Marketing has experienced a significant shift in recent years, and many companies and marketing teams believe that while the form has changed, the nature of marketing has stayed the same. But the truth is that this shift extends far beyond just the form or format of a brand’s messaging.
Marketing’s entire function has been expanded and adapted to life in 2016. It’s all about the value your brand can deliver to its audience and the relationship and human connection customers have with the people powering your company. And because the strategies and tactics of the past are no longer as effective at achieving these goals, teams are turning to content to communicate their messages, deliver value, and establish and maintain those critical connections.
The Content Marketing Institute reported that 88 percent of B2B marketers used content marketing in 2015, and more than one in three marketers are still in the very early stages of establishing those content strategies and processes. Many are still determining if content is right for them and if their teams are up for the challenge.
As effective as content marketing can be, it's not for every team at any time. To help, here are 10 signs you and your team need to re-evaluate whether you're ready to take on the challenge of content marketing:
Not knowing who you’re trying to reach is absolutely detrimental to any marketing initiative. If you're speaking to mystery people, you don't know what to write about, what your customers care about, or how to convert people. Defining your audience should be one of the first steps in building a content strategy.
Articles directly about your products or services require your readers to start out with a strong level of interest in your brand, and they'll never develop that interest if all you're doing is selling to them. Promotional content hurts your brand, and it's the wrong way to get started. Early on (at the top of the funnel), you need to focus on creating content people will engage with and find value in. Start by thinking about what challenges your audience is facing — once you've established that audience, of course — and create amazing, original content fully dedicated to how your readers could go about solving that problem.
Simply writing an article or two is easy. But when you're executing a complete content program, articles can get lost, end up with grammatical errors, or could even damage your brand instead of building it up. An organized strategy to keep content and people moving in the same direction will protect you from these mishaps.
It’s true that someone needs to be in charge of content to make sure it’s consistently executed and on strategy, but that someone shouldn’t be isolated from sales, account service, public relations, and leadership.You can't build an effective content strategy if you don't know what's going on in the rest of your organization. Likewise, other teams need to see and leverage the content you're creating to maximize value.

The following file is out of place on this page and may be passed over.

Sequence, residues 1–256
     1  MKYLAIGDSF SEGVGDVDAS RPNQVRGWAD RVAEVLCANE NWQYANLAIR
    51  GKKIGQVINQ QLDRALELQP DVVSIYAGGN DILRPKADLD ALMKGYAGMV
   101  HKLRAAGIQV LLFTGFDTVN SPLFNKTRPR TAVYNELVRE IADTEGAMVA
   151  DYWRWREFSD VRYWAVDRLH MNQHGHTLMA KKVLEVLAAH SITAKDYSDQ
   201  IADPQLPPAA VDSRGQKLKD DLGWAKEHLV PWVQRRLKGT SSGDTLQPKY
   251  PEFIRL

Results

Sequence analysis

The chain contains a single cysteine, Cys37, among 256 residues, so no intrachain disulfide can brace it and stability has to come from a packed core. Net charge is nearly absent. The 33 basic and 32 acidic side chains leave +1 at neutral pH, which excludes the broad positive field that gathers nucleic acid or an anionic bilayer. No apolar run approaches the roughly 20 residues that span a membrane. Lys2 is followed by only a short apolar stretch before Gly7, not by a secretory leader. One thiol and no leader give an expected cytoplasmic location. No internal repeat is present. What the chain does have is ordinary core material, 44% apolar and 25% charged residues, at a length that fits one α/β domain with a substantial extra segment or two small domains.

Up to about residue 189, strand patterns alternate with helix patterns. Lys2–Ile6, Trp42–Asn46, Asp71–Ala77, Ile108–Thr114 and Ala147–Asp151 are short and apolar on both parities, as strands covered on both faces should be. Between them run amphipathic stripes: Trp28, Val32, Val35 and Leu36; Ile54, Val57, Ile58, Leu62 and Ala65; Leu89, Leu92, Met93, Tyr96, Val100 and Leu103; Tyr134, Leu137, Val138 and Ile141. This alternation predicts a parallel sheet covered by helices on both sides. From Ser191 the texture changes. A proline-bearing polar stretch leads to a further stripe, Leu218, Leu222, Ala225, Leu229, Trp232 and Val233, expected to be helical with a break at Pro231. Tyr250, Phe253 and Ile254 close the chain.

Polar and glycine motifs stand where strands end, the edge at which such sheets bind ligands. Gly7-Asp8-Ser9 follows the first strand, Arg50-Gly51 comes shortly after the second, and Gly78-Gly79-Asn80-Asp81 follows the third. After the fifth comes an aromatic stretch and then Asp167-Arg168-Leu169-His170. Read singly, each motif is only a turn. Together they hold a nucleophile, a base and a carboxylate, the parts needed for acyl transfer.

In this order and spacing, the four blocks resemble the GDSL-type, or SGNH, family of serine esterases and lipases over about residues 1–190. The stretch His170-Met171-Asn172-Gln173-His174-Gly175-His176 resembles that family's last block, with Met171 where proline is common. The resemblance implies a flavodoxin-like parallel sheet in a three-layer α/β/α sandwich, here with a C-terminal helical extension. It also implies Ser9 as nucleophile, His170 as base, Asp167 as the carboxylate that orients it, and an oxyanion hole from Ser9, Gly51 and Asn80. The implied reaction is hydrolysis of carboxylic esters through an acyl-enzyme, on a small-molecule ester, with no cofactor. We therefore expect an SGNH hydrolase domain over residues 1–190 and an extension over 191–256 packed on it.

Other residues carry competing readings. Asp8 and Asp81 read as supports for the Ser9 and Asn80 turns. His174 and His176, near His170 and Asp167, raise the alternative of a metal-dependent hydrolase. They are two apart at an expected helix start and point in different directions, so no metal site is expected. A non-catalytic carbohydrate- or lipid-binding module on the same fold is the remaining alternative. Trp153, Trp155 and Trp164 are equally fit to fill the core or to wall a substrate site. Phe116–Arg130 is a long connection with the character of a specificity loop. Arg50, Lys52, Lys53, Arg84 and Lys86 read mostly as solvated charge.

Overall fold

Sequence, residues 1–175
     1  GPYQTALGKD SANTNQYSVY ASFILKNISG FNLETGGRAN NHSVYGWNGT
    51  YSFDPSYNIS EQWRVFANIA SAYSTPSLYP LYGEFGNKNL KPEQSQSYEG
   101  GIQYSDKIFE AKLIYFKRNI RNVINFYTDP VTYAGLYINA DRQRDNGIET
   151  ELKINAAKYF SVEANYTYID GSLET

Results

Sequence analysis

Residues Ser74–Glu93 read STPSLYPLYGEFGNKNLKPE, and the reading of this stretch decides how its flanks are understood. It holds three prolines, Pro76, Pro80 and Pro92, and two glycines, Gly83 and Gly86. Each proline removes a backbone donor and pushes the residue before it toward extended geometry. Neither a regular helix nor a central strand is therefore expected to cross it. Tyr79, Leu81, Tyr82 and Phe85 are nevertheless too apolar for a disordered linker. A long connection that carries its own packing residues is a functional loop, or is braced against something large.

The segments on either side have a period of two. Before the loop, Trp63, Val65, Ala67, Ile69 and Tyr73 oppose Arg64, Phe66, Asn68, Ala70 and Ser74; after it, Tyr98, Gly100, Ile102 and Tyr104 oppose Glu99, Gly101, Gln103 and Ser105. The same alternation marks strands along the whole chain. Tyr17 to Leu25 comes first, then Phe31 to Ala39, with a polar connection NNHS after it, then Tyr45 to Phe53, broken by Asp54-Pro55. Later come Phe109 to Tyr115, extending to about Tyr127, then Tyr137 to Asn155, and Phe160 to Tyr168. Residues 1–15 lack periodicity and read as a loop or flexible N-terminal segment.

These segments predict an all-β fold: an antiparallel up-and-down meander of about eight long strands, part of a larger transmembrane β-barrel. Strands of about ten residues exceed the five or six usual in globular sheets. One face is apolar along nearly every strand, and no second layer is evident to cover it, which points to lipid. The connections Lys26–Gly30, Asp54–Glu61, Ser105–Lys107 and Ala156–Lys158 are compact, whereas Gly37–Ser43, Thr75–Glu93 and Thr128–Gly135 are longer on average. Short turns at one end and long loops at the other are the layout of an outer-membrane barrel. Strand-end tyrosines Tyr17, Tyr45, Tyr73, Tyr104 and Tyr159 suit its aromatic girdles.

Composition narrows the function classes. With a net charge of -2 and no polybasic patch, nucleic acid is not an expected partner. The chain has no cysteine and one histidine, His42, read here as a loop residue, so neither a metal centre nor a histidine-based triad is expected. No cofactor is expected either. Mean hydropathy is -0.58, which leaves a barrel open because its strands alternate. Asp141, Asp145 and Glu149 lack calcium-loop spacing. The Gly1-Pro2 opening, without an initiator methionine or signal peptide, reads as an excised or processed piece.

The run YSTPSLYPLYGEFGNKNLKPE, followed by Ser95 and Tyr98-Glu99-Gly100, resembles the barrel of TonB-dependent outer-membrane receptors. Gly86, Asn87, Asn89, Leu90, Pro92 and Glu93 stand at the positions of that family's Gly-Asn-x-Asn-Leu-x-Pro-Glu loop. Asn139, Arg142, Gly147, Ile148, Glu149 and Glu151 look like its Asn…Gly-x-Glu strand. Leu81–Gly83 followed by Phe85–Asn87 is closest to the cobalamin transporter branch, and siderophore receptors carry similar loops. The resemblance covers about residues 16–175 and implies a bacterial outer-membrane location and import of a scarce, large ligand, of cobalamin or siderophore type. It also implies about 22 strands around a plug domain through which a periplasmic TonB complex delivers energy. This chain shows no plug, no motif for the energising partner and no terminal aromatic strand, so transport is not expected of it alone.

Stop doing this. Read about Google's Panda, Penguin, and Hummingbird updates. Links are still valuable, but you have to earn them. Don’t just buy them and call it a strategy.
Even if you've decided to outsource your content marketing, you still need to be involved in the creation and execution of that strategy. You, your team, and your thought leaders all have original ideas, anecdotes, perspectives, and stories. That’s what audiences and publication editors want to read, and it's what will make your content more interesting and effective.
Content doesn't distribute itself, and "publish and pray" isn't a strategy. You need a sound plan in place with time dedicated to making sure people are reading and engaging with your articles. Initially, you'll receive little to no organic traffic, but by sharing via social, on LinkedIn's publishing platform, in niche community forums, and with your customers, leads, and partners, you can start to build that traffic and a solid following.
Great content is the most important step in a great content strategy, but as you earn readers, do everything you can to facilitate conversions and drive those qualified visitors further down the funnel. Test different strategies, keeping in mind that the type of content you would use to convert visitors to subscribers will vary based on your industry.
While measuring specific ROI is a long-term achievement, you should be evaluating the engagement metrics around the content you’re publishing in the interim. When you're just getting started (and traffic is small), your ability to drive engagement matters most. Focus on stats like read-through rates, social shares, social shares as a percentage of total traffic, and conversions of readers to subscribers.
Content marketing is very much a long-term strategy, and even the best don't often yield any sort of significant ROI for nine to 12 months. That doesn't mean you shouldn't track your efforts and make sure you're heading in the right direction — you absolutely need to do that. But don't expect to look back after one quarter of content marketing to be able to tell if it "worked" or not.
Once you banish these misconceptions and identify that you are, in fact, ready to get started developing and executing a killer content marketing strategy, there are plenty of great resources to help you get started when it comes to building your team, determining how much to outsource, and documenting your strategy to maximize ROI.